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By Ray Bennett

Julie Taymor’s “Across the Universe” is a sparkling treat for anyone with an appreciation of how popular music became the soundtrack for so many people’s lives.

That was never so true as in the ’60s when Beatles songs dominated the airwaves around the world. Critics of the film, which opened in the U.K. Friday, seem to view it as a failed attempt at interpreting the Beatles lyrics but it’s much more fun than that.

Although filled with colorful images and affectionately punning dialogue by Dick Clement and Ian La Frenais that evoke the songs, it’s more about the way pop music, especially by the Beatles, informs the romantic aspirations of youngsters.

It’s a blast as Taymor, creator of the stage version of “The Lion King” and director of films such as “Frida” and “Titus,” displays her customary visual flair. The songs are sung by the cast, which includes Jim Sturgess, as a Liverpudlian who visits the U.S. to find his estranged father, Evan Rachel Wood (“Thirteen,” 2003) as the girl he falls in love with, and Joe Anderson as a down-to-earth rich boy who becomes his best friend. Joe Cocker, Eddie Izzard and Bono have cameos performing iconic Beatles numbers.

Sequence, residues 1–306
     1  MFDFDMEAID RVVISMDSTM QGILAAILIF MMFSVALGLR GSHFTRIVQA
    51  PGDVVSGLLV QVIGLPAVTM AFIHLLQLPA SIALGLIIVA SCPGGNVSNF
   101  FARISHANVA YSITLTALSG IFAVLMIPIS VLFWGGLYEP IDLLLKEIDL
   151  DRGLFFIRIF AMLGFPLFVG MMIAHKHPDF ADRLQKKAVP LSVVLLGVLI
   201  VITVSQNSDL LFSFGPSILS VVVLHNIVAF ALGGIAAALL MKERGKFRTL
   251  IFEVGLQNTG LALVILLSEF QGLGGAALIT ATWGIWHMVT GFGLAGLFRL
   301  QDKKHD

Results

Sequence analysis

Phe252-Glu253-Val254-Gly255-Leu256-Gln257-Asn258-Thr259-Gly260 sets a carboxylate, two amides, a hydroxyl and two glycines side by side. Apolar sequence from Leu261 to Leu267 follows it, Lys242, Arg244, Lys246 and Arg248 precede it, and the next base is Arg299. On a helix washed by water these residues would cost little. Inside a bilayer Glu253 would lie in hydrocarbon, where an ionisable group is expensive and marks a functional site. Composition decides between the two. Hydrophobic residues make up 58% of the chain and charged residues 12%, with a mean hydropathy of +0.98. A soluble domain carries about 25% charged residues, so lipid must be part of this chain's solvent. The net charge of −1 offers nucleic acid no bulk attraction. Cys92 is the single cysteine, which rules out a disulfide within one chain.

Three superb music producers, composer Elliot Goldenthal, T-Bone Burnett and Teese Gohl, combined on the 31-song soundtrack. Goldenthal, of course, is the director’s domestic and professional partner, an A-list composer who won the Academy Award for “Frida” and he provides the score for “Across the Universe.”

Burnett has been responsible for some of the best song soundtracks of recent times including “Walk the Line,” “Cold Mountain” and “O Brother, Where Art Thou?” Gohl is partnered with Steve McLaughlin in the U.S.- and U.K.-based film music production company, gohlmclaughlin, with credits including “Stardust,” “Layer Cake” and “Closer.”

Interscope has put out a soundtrack CD but it contains only 16 tracks from the film. Some fine numbers are missing including “If I Fell” by Wood, “I Want You” by Anderson, and “Because,” by the whole cast. Crucially missing are some great tracks by costars Dana Fuchs and Martin Luther and Goldenthal’s fabulous end-title orchestration of “Flying” with the Secret Machines. Perhaps if the film is a success then Interscope will release an album with the rest of the music. boomer nostalgia.

Across the Universe 2

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FILM REVIEW: George Clooney in ‘Michael Clayton’

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By Ray Bennett

Tony Gilroy’s gripping thriller “Michael Clayton” starring George Clooney, which previews in the U.K. today and opens Friday, is the writer turned director’s second topnotch film in 2007.